US $24.6M boost humanitarian aid to typhoon-afflicted areas

Visiting United States Secretary of State John Kerry leads the wreath-laying ceremony at the Manila American Cemetery and Memorial in Taguig on Tuesday (Dec. 17, 2013). Photo credit: Benhur Arcayan/Malacañang Photo Bureau/PNA

TACLOBAN CITY, Dec. 18 –United States government boosted its humanitarian aid to typhoon-afflicted areas of the Philippines with an additional US$24.6 million on top of its $ 62 million already been provided.

US Secretary of State John Kerry during his visit here Wednesday underscored the additional assistance to be coursed through the United States Agency for International Development would be utilized to “ensure that the residents and relief workers have immediate access to clean water, sanitation and hygiene services.”

In his message delivered at the tent city established by the USAID at the Alimasag district of this city, he emphasized the commitment of USA to help in whatever way the typhoon survivors as they move towards recovery.

“On behalf of President (Barack) Obama and American people, it is my privilege to come here today to offer our condolences to the families of the more than 6,000 who perished in the storm and to wish a very full and speedy recovery to some 27,000 who (are) wounded and we are keeping in our thoughts and prayers the nearly 1,800 people who still remain missing,” he said.

In addition, he also announced that a memorandum of understanding has already been signed between USAID, Procter and Gamble and Coca-Cola aimed at helping some 2,000 small convenience stores in their rehabilitation.

The Citi Foundation raised million for the recovery effort and contributed another $.5 million to help Philippine rebuild, he disclosed.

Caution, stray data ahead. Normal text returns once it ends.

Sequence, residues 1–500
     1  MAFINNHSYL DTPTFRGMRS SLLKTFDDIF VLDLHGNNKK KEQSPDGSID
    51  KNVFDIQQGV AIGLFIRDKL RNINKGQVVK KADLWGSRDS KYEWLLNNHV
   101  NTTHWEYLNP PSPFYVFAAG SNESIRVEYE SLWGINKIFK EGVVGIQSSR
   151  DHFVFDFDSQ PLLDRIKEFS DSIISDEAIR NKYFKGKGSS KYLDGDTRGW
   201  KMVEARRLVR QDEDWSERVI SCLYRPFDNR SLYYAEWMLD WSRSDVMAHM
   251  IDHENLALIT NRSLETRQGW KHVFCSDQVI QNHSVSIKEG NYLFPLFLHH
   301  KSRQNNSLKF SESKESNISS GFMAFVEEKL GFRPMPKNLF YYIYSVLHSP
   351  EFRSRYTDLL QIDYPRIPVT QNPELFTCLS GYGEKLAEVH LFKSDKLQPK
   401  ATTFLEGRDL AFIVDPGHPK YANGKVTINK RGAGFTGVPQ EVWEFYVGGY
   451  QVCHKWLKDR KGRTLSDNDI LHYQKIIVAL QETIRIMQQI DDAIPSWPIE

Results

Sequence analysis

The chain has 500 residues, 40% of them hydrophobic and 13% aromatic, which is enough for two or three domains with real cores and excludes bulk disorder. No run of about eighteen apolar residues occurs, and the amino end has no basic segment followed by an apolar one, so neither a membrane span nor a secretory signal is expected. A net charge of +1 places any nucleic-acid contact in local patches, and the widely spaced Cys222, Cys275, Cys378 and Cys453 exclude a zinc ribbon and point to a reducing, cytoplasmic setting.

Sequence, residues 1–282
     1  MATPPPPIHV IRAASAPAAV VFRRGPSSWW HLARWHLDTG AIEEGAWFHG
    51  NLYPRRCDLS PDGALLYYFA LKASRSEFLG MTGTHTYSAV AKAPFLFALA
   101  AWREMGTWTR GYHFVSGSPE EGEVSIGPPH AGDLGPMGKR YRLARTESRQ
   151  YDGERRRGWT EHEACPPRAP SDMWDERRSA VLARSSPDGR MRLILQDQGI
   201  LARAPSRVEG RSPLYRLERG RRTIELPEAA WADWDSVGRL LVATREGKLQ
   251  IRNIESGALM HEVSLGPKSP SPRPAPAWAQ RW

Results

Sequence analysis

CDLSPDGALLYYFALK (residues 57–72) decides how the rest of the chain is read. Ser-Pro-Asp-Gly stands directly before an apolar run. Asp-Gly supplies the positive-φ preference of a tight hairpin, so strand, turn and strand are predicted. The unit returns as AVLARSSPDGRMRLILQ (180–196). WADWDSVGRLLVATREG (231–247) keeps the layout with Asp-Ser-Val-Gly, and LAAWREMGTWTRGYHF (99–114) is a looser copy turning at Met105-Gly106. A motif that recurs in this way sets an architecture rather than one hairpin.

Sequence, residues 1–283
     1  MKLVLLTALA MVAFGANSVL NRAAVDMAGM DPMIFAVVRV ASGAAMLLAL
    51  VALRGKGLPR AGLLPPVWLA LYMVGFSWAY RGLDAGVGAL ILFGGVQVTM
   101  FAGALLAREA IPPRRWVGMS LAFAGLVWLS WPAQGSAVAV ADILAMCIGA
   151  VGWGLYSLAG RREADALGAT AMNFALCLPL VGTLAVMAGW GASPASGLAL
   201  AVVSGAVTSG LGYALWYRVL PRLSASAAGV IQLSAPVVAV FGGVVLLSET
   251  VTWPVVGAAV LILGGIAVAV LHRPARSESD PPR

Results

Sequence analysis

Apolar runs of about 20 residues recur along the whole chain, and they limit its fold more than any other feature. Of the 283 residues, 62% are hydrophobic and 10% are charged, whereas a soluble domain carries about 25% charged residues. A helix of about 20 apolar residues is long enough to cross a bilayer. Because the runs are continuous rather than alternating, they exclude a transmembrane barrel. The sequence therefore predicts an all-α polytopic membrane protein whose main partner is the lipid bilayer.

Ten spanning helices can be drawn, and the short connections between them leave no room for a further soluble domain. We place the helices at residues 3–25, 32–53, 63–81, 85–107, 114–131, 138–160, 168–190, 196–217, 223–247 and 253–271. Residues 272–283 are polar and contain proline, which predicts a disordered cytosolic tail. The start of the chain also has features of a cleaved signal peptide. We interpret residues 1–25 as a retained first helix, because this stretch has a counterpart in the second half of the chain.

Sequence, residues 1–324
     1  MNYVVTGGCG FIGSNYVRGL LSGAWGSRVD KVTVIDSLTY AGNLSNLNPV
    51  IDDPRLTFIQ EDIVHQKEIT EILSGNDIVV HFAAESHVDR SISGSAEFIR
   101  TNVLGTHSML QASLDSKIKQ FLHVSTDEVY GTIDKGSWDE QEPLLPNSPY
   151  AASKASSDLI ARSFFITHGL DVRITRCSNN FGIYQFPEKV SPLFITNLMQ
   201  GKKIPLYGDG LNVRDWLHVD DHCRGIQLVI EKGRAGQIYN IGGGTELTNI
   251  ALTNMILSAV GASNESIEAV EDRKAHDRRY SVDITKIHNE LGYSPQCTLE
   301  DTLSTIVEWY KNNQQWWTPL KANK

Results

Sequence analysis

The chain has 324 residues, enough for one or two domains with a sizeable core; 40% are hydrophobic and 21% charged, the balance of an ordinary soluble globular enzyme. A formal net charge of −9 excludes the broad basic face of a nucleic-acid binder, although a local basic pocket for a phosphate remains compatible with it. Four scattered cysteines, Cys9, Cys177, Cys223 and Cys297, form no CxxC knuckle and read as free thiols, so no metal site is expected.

Kerry, who arrived at the Daniel Z. Romualdez Airport on board a private plane past 10:00 a.m. accompanied by US Ambassador to the Philippines Philip Goldberg, also visited the relief hub of the Department of Social Welfare and Development along Apitong road.

In his message, he described what he saw as “really quite stunning; it looks like a war zone in every respect.”

“The wreckage that has been left behind by typhoon Haiyan (Yolanda) is absolutely staggering. This is a devastation that is unlike anything I’ve seen at this kind of scale. Its many small tornadoes that I have seen in America wrapped into one,” he said.

Nonetheless, he underscored the resiliency of Filipinos to be able to get back on their feet after the catastrophe. He also lauded several individuals, groups and private organizations that joined forces together to respond to the calamity.

“Last month’s typhoon broke the world’s heart. But what is certain is it didn’t break the spirit of the people here. The resilience, the courage, the determination to rebuild and to remake what was inspires all of us. And the truth is what has happened here since the moment the storm passed away is inspiring everybody,” he said.

He added that in the past weeks, the Philippines and United States have jointly “answered one of the world’s challenges mother nature provides.”

Kerry said that they will be watching and working closely with the Philippine government as it laid down its plans on rebuilding the areas affected by the typhoon.

“The United States will remain committed, we will work closely with our friends from the Philippines rebuild this region even better and stronger and safer,” he said.

Kerry, who stayed in Tacloban for more than two hours, was met upon his arrival at the airport by Philippine Ambassador to the US Jose Cuisia Jr, Defense Secretary Voltaire Gazmin, Leyte first district Rep. Ferdinand Martin Romualdez and Tacloban City mayor Alfred Romualdez. (PNA)

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